Sen. Scott Brown's epic victory in Massachusetts on Tuesday night dealt a crushing blow to Obamacare, cap-and-trade, card check (and other union favors) and, most importantly, all the tax hikes that are lingering on the table. But does Washington really understand the Scott Brown message?
President Obama thinks his "remoteness and detachment" are the problems. This is nonsense. Obama's tax hikes and spending explosion are what caused the populist tea-party revolt that was punctuated by Brown's extraordinary victory.
And that leads to the next question. Are the Republicans listening? Do they really understand why Brown was victorious? If they do, why aren't members of the Republican leadership loudly campaigning for an end to tax hikes, just like Scott Brown?
The cornucopia of tax hikes currently on the table includes higher levies on capital gains, top earners, dividends, investment (via the payroll tax), carbon, millionaires, banks, stock transactions and estates (via the death tax). It's a long Democratic wish list of anti-growth policies, and Scott Brown's triumph should signal the end of it. But it won't happen unless GOP congressional leaders make a bid deal about it.
For example, some Blue Dog Democrats want to extend the Bush tax cuts, rather than letting them expire next year. Republican leaders should be making a big deal about this. They need to get it front and center, making expiration a condition to any new legislation.
Remember that Brown ran on a JFK/Ronald Reagan platform of across-the-board tax cuts to promote economic growth. Take a look at what the senator-elect had to say during his victory speech Tuesday night:
"This (health care) bill is not being debated openly and fairly. It will raise taxes, it will hurt Medicare, it will destroy jobs and run our nation deeper into debt. ... I will work in the Senate to put the government back on the side of people who create jobs and the millions of people who need jobs. And remember, as President John F. Kennedy stated, that starts with across-the-board tax cuts for businesses and families to create jobs, put more money in people's pockets and stimulate the economy. It's that simple."
There you have it. Scott Brown could not have been any clearer. That's the great thing about his message -- its breathtaking clarity. Across-the-board tax cuts and a revival of free-market capitalism on the supply-side.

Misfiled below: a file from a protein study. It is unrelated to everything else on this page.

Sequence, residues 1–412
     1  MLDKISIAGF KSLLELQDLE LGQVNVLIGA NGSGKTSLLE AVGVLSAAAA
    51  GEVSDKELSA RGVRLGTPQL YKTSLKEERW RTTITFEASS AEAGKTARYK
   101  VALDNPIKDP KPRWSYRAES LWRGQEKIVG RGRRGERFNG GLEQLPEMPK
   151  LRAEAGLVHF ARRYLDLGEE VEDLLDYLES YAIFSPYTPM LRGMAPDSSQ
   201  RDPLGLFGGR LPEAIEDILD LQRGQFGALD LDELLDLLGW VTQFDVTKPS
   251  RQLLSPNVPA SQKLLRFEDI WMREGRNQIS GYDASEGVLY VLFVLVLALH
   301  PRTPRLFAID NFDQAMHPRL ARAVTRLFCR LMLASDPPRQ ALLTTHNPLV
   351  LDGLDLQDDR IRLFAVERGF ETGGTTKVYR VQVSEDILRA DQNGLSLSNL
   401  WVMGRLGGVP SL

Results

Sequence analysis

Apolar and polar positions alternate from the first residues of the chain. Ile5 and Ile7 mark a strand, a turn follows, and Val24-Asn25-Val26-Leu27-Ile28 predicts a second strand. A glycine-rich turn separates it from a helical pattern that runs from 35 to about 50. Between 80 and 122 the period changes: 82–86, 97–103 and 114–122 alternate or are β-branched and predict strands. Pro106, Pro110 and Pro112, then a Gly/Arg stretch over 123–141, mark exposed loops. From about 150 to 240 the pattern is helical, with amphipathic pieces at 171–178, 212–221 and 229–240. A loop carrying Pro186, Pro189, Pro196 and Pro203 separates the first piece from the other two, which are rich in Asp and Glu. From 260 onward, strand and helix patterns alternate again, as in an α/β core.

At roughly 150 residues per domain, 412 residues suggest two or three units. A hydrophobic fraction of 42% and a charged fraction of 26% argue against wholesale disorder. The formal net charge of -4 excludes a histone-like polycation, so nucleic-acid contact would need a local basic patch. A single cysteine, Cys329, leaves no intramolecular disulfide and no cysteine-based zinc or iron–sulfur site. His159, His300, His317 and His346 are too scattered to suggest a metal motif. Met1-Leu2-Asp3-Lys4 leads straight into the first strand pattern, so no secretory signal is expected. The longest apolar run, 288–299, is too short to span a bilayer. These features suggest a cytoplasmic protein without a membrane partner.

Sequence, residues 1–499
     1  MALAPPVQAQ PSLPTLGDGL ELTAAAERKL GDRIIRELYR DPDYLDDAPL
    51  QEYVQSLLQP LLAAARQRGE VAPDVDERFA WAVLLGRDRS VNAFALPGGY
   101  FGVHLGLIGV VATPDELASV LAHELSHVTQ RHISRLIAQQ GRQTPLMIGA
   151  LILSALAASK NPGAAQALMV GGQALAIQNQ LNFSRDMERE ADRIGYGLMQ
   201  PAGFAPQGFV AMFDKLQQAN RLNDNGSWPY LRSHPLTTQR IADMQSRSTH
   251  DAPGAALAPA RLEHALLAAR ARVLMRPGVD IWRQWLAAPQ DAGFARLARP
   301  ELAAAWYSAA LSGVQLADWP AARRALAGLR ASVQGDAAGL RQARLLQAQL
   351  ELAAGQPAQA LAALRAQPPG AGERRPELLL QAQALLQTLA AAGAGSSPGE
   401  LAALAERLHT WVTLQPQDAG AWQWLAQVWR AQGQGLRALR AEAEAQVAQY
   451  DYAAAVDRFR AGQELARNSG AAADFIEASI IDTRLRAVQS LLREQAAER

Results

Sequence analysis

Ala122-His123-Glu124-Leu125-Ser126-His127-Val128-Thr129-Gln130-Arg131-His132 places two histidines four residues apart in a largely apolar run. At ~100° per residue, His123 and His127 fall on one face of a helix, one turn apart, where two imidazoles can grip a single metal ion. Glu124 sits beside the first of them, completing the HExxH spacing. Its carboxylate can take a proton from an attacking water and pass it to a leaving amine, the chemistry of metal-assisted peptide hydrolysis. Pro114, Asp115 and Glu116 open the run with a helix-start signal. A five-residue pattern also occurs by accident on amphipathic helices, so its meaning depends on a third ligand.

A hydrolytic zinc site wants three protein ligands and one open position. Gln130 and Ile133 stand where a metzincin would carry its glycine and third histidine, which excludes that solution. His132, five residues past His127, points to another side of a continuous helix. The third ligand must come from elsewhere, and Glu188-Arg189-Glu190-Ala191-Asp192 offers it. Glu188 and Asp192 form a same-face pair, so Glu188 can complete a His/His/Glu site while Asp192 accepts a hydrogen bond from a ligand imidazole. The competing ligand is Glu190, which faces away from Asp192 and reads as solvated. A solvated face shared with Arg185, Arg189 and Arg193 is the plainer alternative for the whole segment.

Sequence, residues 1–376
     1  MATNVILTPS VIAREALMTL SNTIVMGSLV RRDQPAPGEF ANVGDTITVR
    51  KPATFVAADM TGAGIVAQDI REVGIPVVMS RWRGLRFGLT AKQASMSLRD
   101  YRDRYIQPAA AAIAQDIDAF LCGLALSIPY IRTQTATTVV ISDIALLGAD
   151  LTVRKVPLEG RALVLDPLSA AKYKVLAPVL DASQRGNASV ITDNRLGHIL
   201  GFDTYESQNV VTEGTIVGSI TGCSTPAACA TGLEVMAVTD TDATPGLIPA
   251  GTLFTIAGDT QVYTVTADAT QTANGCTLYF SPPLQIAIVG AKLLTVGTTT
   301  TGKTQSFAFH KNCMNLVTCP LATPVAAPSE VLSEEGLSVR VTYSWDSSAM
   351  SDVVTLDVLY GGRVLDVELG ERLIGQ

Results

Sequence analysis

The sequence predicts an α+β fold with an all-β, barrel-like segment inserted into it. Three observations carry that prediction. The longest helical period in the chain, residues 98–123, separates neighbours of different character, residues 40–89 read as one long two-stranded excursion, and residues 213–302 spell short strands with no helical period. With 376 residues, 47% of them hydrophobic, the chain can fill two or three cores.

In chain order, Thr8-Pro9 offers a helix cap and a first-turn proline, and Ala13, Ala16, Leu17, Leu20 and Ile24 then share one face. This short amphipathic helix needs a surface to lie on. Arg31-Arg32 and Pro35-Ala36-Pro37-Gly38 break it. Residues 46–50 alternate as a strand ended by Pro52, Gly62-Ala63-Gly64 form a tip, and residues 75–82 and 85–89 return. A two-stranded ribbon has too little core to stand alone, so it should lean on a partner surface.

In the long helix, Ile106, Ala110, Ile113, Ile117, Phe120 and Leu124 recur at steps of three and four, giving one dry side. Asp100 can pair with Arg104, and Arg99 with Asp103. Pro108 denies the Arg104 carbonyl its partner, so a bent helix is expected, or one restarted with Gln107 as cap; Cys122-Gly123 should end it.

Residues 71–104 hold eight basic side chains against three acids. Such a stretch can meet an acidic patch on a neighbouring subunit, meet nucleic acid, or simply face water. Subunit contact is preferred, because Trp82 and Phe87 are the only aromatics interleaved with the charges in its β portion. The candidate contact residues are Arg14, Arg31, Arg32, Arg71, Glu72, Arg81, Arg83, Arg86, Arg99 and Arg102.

And recall that when President Obama mocked Scott Brown for driving a pickup truck, Brown quickly responded that unfortunately, in this economy, not everyone can buy a pickup. "My goal is to change that," he said on the eve of the election, "by cutting spending, lowering taxes and letting people keep more of their own money." Right on message.
And during that campaign, Brown argued that health care reform is a tax hike and that cap-and-trade is a tax hike. This should become the Republican message, too. It's about taxes, as well as spending.
A recent Washington Post poll showed that by 58 percent to 38 percent, voters want smaller government and fewer government services. This, too, should be the Republican congressional message.
It is, in fact, an economic-growth message, the likes of which we haven't heard since Jack Kemp promoted it in the late 1970s. And the brilliance of Scott Brown was to use the JFK tax cuts -- an across-the-board reduction in marginal tax rates -- to attract Democrats and independents to his message.
An across-the-board tax cut is the fairest pro-growth message of them all. Lower tax rates for everybody. Get out of the box of rich people and class warfare. For the Ted Kennedy Democrats, that box has been a loser for decades. But for timid Republicans always on the defensive, now is the time to break out and adopt the Scott Brown theme.
This is what Reagan did. This is why the Gipper touted JFK's across-the-board tax cuts. Republicans must now be bold and fight for across-the-board tax relief, for families, individuals and businesses, along with smaller government, fewer services and across-the-board spending cuts.
While Team Obama is fighting for more government employment, with trillions of dollars of spending, it is time for Republicans to fight for private free-enterprise employment by letting folks keep more of what they earn and by providing new incentives for the extra hour worked and the extra investment dollar put at risk.
This is where the GOP must go. Republicans should not let another day pass without unleashing a fusillade of new tax-cutting proposals to get America moving again.
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